The Solid Waste Association of North America (SWANA) has acknowledged that it has members that support waste-to-energy while others support Zero Waste. SWANA wants to support both of those groups of members, so it has agreed to not view waste-to-energy as part of Zero Waste.

The U.S. Conference of Mayors adopted a resolution “In Support of Municipal Zero Waste Principles and a Hierarchy of Materials Management” last year that also highlighted that waste-based energy should be counted as disposal, not diversion.

NRC hopes that adopting ZWIA’s clear-sighted definition will help its members and the industry to continue to strive for the highest waste diversion and recycling goals and encourage them to divert as much as possible. NRC joins other organizations like the U.S. Zero Waste Business Council and Zero Waste USA, and many businesses and communities who have also adopted this definition. NRC encourages others to adopt this definition as well.

Please email me at if you know of any business, government agency or organization that adopts it.

Gary Liss is a current board member and secretary of the National Recycling Coalition. He was also a founding Board member and past president of NRC and is the president of Gary Liss & Associates.

This article was reprinted from NRC’s OpEd in the Resource Recycling Magazine on May 17, 2016.

2016 NRC Board Nominations are Open!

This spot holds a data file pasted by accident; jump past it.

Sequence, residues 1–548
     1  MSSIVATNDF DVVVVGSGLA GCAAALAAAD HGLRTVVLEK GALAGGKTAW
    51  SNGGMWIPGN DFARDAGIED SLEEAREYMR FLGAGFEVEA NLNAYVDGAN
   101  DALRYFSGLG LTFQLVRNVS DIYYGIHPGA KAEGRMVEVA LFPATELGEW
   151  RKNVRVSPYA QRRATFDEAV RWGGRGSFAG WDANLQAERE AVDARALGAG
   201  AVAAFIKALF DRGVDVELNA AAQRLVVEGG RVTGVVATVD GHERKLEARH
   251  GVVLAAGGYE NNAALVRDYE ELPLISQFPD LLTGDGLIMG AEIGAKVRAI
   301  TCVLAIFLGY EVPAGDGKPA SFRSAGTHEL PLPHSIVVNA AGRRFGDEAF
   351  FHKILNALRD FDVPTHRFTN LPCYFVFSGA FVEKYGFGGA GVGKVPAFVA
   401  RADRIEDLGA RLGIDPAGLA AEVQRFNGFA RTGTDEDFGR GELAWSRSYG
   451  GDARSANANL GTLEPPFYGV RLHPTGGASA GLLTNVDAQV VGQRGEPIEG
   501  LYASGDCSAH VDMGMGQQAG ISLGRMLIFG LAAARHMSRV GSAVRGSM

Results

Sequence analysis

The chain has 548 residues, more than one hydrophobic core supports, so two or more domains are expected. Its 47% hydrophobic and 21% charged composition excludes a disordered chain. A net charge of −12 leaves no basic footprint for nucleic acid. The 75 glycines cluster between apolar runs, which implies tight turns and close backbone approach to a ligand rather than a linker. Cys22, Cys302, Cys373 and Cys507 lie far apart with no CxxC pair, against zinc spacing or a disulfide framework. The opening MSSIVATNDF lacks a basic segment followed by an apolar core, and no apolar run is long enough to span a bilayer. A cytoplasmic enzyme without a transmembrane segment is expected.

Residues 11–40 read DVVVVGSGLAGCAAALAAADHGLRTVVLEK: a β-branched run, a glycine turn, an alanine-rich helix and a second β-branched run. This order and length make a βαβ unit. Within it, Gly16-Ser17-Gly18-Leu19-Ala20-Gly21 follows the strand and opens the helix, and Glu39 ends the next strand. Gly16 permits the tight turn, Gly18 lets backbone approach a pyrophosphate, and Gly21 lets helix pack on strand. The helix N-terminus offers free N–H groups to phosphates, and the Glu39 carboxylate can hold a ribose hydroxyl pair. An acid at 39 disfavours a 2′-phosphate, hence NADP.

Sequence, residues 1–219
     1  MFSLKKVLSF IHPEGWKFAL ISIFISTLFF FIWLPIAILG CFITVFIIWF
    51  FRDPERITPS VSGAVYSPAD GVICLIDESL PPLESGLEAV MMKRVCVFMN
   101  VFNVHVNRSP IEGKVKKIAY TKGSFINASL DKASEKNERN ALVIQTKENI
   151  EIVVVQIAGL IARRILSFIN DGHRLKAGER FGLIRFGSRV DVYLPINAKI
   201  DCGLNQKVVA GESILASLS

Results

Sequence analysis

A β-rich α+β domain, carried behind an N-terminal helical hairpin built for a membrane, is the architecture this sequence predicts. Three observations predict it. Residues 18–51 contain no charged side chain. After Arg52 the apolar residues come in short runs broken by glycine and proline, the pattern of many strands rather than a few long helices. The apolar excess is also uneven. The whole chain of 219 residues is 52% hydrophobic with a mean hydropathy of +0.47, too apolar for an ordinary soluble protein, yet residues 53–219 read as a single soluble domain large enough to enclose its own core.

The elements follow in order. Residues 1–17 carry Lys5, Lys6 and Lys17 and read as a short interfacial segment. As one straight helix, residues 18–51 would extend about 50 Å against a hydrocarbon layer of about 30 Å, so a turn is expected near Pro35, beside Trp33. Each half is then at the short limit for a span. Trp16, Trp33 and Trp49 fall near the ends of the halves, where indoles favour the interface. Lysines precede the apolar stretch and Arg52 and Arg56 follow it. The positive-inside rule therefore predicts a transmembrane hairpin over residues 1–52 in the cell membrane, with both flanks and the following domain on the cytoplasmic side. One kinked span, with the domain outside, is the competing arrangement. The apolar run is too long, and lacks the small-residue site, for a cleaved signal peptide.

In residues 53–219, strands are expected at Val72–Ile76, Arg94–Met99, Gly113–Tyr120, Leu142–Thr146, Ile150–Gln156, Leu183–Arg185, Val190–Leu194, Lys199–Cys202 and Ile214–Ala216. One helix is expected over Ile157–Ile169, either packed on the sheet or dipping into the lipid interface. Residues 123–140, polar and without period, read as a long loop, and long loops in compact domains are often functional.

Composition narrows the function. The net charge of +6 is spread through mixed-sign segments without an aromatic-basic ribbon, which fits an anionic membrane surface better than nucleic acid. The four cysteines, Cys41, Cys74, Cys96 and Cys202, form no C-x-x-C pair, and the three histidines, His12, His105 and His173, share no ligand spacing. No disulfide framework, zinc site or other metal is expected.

The 2016 NRC Board Nominations are open! Nominate yourself or someone else who is passionate about improving recycling for the National Recycling Coalition’s Board of Directors!

To run for the Board, you must be age 18 or over and have been an NRC member in good standing for a minimum of one (1) year.

Electronic nominations close on Tuesday, August 16, 2016 at 1:00pm ET/12:00pm CT/11:00am MT/10:00am PT and will reopen from the floor of the NRC Annual Members Meeting on Tuesday, August 30th at the Hilton New Orleans Riverside in New Orleans, LA.

Container Recycling Institute (CRI) will be hosting a Webinar that features two NRC Board Members

The Container Recycling Institute (CRI) will be hosting a webinar entitled the “Definition of Recycling” on July 27, 2016. This webinar will feature two NRC Board Members, Fran MacPoland and Stephen Bantillo as panelists for the discussion. The presentation panelists will delve into the definition of recycling.

Learn more about the webinar and register here!


Awards Deadline Extended to July 6, 2016

Last Chance!

The NRC Awards Deadline has been extended until July 6, 2016.

All that needs to be done to nominate a outstanding program or individual is write a 150 word summary and 1000 word document on why they should win! Review the criteria to be included in the documents and submit all documents to this SurveyMonkey form.

Your nominees will thank-you and will be honored at Resource Recycling’s Annual Conference in New Orleans from August 30 – September 1, 2016. Take this extended opportunity to honor a program or individual that deserves it!




Recycling Scholarships Available to New Orleans College Students

Since 1994, the National Recycling Coalition has awarded scholarships to students interested in the recycling field. This year, the NRC is awarding scholarships to qualified New Orleans area students in the amount of $1,500 each. Recipients will also receive complementary admission to the Resource Recycling Conference from August 30th through September 1st. Also included is a one-year membership to the Coalition.

Scholarship applications can be submitted at Applications must be received no later than July 22nd.  Winners will be announced by August 5, 2016.

5th Annual USZWBC National Zero Waste Business Conference